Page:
Place value (the value indicated by where a digit is in a multi-digit number, e.g.: units, tens, hundreds) is one of the keystone concepts in children’s math education. An understanding of place value is necessary for carrying out operations like addition and subtraction with numbers that exceed a single digit. For decades, educators have based their math curricula on the idea that place value is too difficult for most preschoolers to understand.
The researchers administered a battery of tests to kids from ages three to seven involving numerals, pictorial representations of numbers, and greater / smaller quantities. The results were filtered by age range and subjected to statistical analyses. The study yielded some surprising results.
The study, led by Kelly Mix from Michigan State University, indicates children as young as three are capable of understanding both the meaning and the value of multi-digit numbers (even ones as high as three and four digits long).
Long considered to be too abstract for young children, exposure to symbolic numbers has traditionally been set aside in favor of concrete representations of digits (three apples instead of the numeral 3, for instance). But the study indicates something quite new to educational research — kids are far better than previously thought at figuring out numbers.
What are researchers saying about place value and preschool math?
The authors of this study suspect children learn numbers in much the same way they learn language, a process called statistical learning. Statistical learning basically means that while a child is being exposed to a steady stream of input (let’s say a bunch of sentences in English), they are able to scan the stream for statistical patterns. The earliest stages of language acquisition draw on statistical learning. For example, children quickly learn to distinguish individual words and consonant combinations.
The authors of the Michigan study think kids learn about numbers the same way. Throughout earliest childhood, children are as awash in numbers as they are in words. They see numbers on elevators, on television, on their parents’ calendars, and on packaging. They overhear phone numbers, addresses, and on and on. Their exposure to numbers happens in much the same way as their exposure to language — that is to say by way of a steady, random stream of inputs. The new research seems to indicate kids are capable of gradually making sense of the input on their own.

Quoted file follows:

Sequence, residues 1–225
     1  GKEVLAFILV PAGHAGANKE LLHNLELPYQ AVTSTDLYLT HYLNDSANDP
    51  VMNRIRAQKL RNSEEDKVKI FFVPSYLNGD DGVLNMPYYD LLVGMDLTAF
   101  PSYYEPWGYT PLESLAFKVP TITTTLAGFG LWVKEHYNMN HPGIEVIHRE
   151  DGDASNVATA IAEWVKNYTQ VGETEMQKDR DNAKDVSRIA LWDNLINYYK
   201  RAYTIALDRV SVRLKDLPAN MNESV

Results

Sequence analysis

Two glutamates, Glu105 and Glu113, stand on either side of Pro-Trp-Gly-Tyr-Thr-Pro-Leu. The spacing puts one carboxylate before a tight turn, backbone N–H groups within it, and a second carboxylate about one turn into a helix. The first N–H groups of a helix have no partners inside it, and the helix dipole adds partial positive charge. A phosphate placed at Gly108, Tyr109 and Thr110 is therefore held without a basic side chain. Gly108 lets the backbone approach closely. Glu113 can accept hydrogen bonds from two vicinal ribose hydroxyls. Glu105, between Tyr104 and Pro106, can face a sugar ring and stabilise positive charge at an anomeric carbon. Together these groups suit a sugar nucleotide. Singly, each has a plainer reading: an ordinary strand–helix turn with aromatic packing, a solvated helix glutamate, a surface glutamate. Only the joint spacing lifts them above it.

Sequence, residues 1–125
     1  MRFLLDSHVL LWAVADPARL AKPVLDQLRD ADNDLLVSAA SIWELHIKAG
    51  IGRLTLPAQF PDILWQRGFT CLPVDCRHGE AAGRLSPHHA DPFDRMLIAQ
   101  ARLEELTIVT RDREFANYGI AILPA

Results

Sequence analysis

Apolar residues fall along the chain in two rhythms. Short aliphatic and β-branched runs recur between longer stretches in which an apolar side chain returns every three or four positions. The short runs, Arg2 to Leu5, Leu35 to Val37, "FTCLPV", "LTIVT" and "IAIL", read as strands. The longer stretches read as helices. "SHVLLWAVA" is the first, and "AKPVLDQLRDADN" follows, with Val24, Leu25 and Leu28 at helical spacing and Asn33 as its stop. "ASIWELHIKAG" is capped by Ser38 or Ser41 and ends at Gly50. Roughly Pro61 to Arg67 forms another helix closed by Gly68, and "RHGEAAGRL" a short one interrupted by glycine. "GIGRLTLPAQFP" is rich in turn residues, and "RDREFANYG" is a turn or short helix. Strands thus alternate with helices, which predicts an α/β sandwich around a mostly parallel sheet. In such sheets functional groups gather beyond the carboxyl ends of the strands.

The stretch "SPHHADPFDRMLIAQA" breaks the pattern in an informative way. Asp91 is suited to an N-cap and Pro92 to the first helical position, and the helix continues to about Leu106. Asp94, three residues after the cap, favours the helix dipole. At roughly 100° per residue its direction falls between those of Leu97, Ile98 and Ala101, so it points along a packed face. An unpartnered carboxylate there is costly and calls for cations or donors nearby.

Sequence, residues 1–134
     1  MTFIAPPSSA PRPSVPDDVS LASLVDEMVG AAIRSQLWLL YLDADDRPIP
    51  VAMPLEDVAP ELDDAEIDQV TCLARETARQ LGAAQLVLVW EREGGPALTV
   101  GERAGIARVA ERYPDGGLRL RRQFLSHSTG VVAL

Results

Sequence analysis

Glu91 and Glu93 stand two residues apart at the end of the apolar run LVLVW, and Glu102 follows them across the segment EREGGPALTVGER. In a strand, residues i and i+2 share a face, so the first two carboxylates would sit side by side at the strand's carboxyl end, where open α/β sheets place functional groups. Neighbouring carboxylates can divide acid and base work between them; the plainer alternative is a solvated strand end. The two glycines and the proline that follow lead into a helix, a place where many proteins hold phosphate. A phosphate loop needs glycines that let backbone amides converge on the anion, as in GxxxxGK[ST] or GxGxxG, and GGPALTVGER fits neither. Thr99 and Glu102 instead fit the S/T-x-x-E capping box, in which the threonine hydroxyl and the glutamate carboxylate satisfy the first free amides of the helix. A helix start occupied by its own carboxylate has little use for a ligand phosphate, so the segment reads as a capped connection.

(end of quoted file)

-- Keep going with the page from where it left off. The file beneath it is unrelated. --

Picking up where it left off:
One of the misconceptions about kids’ early abilities to process numbers stems from the mistakes they make with respect to place value. Young kids who have never received formal instruction in place value are bound to make mistakes. One of the common ones cited in the Michigan study features an invented notation — like “113” being written as “10013.” It’s wrong, for sure. But the error isn’t as wrong as people might think. It’s based on some previously existing knowledge about place value. The authors of the Michigan study compare this kind of mistake to the mistakes a novice English speaker will make — like saying “goed” instead of “went.” “Goed” might be wrong, but it stems from rules that are correct some of the time. And this kind of mistake indicates a more advanced knowledge of English than meets the eye.
The authors of the Michigan study think the same is true for numbers. They say people are too preoccupied with correctness and see mistakes as proof that place value is too difficult for young learners. In fact, kids are able to “bootstrap” their way into the place value system, purely from their random exposure to numbers. Put simply, kids know more about math than adults think they do.
What does this mean for early math learning?